[advocacy] Music Online Competition Act Ramifications??
Matt and Karin Lawson
lawson08 at yahoo.com
Mon Dec 17 23:24:08 PST 2001
Forgive the length; I do believe this touches on several relevant
For more than a year, I've had a fledgling site up for independent,
unsigned Christian bands to place their music (ogg) where it's
downloadable for a fee they specify, or free (their choice). What makes
this possible is that unsigned artists are able to license their music
Up until now, the record labels have had an unbreakable grip on the
*sound recording* copyrights of the music (the *musical work* copyrights
can supposedly be licensed through Harry Fox, although I'm not convinced
of their eagerness to cooperate with ANY sort of Internet distribution)
The Holy Grail of licensing would be mandatory statutory licensing for
sound recordings also. Without a law, the record companies will NEVER
allow it. I get a constant barrage of question from my users who can't
understand why Michael W. Smith music isn't on the site...
Enter the Music Online Competition Act. Although most references to it
talk about 'webcasting', I believe it also applies to selling downloads
('Digital Phonorecord Deliveries'). Is this what I've been waiting
for? Will it actually allow distribution of 'big name' recordings,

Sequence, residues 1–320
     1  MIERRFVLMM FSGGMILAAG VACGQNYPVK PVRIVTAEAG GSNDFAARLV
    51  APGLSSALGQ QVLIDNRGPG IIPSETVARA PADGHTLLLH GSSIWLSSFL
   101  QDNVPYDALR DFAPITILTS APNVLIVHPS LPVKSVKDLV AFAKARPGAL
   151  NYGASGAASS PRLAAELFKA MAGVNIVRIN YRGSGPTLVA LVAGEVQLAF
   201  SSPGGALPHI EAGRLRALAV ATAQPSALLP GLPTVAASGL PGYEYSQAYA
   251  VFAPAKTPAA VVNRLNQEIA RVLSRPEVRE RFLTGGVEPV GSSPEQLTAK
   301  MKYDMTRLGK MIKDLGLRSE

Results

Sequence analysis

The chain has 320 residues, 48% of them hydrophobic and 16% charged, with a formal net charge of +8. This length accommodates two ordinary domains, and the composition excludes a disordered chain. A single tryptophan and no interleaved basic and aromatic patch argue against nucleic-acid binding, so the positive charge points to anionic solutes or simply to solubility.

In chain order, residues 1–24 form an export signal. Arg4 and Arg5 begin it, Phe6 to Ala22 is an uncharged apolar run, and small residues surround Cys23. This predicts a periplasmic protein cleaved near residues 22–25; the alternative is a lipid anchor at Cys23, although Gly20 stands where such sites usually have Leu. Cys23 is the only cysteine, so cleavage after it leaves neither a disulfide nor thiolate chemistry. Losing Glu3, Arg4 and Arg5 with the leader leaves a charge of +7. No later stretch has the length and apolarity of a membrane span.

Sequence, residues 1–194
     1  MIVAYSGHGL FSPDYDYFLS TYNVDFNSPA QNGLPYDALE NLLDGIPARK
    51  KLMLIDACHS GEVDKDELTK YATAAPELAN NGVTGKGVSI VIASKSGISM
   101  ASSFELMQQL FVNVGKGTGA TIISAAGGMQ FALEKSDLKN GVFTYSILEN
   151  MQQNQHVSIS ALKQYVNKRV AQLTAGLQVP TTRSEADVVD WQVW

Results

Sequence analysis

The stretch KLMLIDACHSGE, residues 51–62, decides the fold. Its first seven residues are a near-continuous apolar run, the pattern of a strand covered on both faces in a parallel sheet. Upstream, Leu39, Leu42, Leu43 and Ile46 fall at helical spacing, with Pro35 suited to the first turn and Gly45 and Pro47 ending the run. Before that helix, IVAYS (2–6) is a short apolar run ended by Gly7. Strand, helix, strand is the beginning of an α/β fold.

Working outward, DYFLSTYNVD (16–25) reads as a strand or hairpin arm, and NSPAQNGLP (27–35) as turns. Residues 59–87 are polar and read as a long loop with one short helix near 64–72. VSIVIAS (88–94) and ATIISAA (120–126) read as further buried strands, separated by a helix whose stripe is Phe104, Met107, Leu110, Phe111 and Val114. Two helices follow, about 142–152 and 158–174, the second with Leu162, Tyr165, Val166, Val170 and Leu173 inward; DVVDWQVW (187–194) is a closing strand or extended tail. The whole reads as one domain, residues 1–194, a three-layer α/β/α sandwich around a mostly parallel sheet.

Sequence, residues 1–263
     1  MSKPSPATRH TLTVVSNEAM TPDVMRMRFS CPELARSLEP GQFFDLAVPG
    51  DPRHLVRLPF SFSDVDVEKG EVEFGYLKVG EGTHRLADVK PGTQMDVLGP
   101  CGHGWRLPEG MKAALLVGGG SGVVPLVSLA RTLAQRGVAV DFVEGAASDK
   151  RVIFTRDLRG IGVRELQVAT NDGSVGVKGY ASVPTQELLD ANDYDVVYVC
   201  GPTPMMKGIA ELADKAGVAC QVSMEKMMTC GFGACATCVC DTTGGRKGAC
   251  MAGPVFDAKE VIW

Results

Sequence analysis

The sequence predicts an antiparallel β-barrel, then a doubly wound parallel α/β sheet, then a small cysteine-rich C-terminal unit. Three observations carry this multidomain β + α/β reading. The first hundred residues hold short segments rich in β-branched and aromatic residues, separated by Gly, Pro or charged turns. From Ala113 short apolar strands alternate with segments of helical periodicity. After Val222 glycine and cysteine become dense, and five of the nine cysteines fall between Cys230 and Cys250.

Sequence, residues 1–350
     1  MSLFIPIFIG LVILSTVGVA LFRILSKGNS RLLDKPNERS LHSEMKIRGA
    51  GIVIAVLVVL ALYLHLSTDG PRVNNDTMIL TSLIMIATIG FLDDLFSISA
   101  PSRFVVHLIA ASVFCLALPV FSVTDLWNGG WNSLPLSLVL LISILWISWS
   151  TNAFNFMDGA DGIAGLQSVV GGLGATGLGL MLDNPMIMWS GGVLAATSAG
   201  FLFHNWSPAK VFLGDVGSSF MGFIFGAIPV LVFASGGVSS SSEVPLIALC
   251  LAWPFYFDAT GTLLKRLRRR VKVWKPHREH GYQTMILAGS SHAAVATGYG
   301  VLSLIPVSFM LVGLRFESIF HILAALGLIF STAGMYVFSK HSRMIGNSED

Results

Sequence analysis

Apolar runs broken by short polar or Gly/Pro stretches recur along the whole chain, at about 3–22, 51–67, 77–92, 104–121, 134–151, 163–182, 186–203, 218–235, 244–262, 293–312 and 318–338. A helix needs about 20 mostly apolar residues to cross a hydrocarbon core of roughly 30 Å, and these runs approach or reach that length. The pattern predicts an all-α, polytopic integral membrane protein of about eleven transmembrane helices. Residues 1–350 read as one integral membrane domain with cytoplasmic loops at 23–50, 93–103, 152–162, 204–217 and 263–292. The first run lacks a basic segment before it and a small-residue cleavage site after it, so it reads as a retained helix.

finally? Perhaps someone who's better at legalese can explain whether
this will be useful to selling downloads of signed bands.
Assuming that this act, or a similar one, finally becomes law, there is
one major thorn that remains. There is a provision in there that says,
basically, "The record companies can require that any downloads be
protected by copyprotection/DRM software". Aaarrrggghhhh. So close and
yet so far.
Someone in another thread was saying that lack of copy protection would
be a limiting factor to Vorbis's adoption, and here is where I agree.
Even if I DO finally get the licensing I wanted, I'll be stopped just
short of distribution big-name Ogg files because it doesn't have copy
protection in it.
Has there been any effort/interest in developing some sort of 'wrapper'
for Ogg files that would satisfy this requirement? And who will decide
if a given copy-protection scheme is adequate? No doubt Microsoft and
Real will be able to buy their way in (the next version of Windows will
have Microsoft's version built in - I'm not kidding). A sloppy, 'sham'
wrapper for Ogg would surely not be tolerated; it would have to be a
system that was at least as well respected as the others.
Now, don't misunderstand, I know that ANY kind of so-called copy
protection will be totally useless. (I wouldn't be surprised if people
had Sonique or Winamp plug-ins that would strip that stuff right off,
the first time you play the song - not that I'm advocating such a thing
mind you.) But what you and I know doesn't matter. It only matters
that I'm able to jump through the hoops and have an 'acceptable' system
that will allow me operate without getting sued.
Unless some kind of copy-protection is available (optionally) to Ogg
files, you will never see big-name music available legally. And I think
you need to have it available legally in order for a site to achieve and
maintain visibility on the web without being sued out of business.
Comments? Do I read the MOCA correctly? Will we be able to exploit it?
Thanks for your time.
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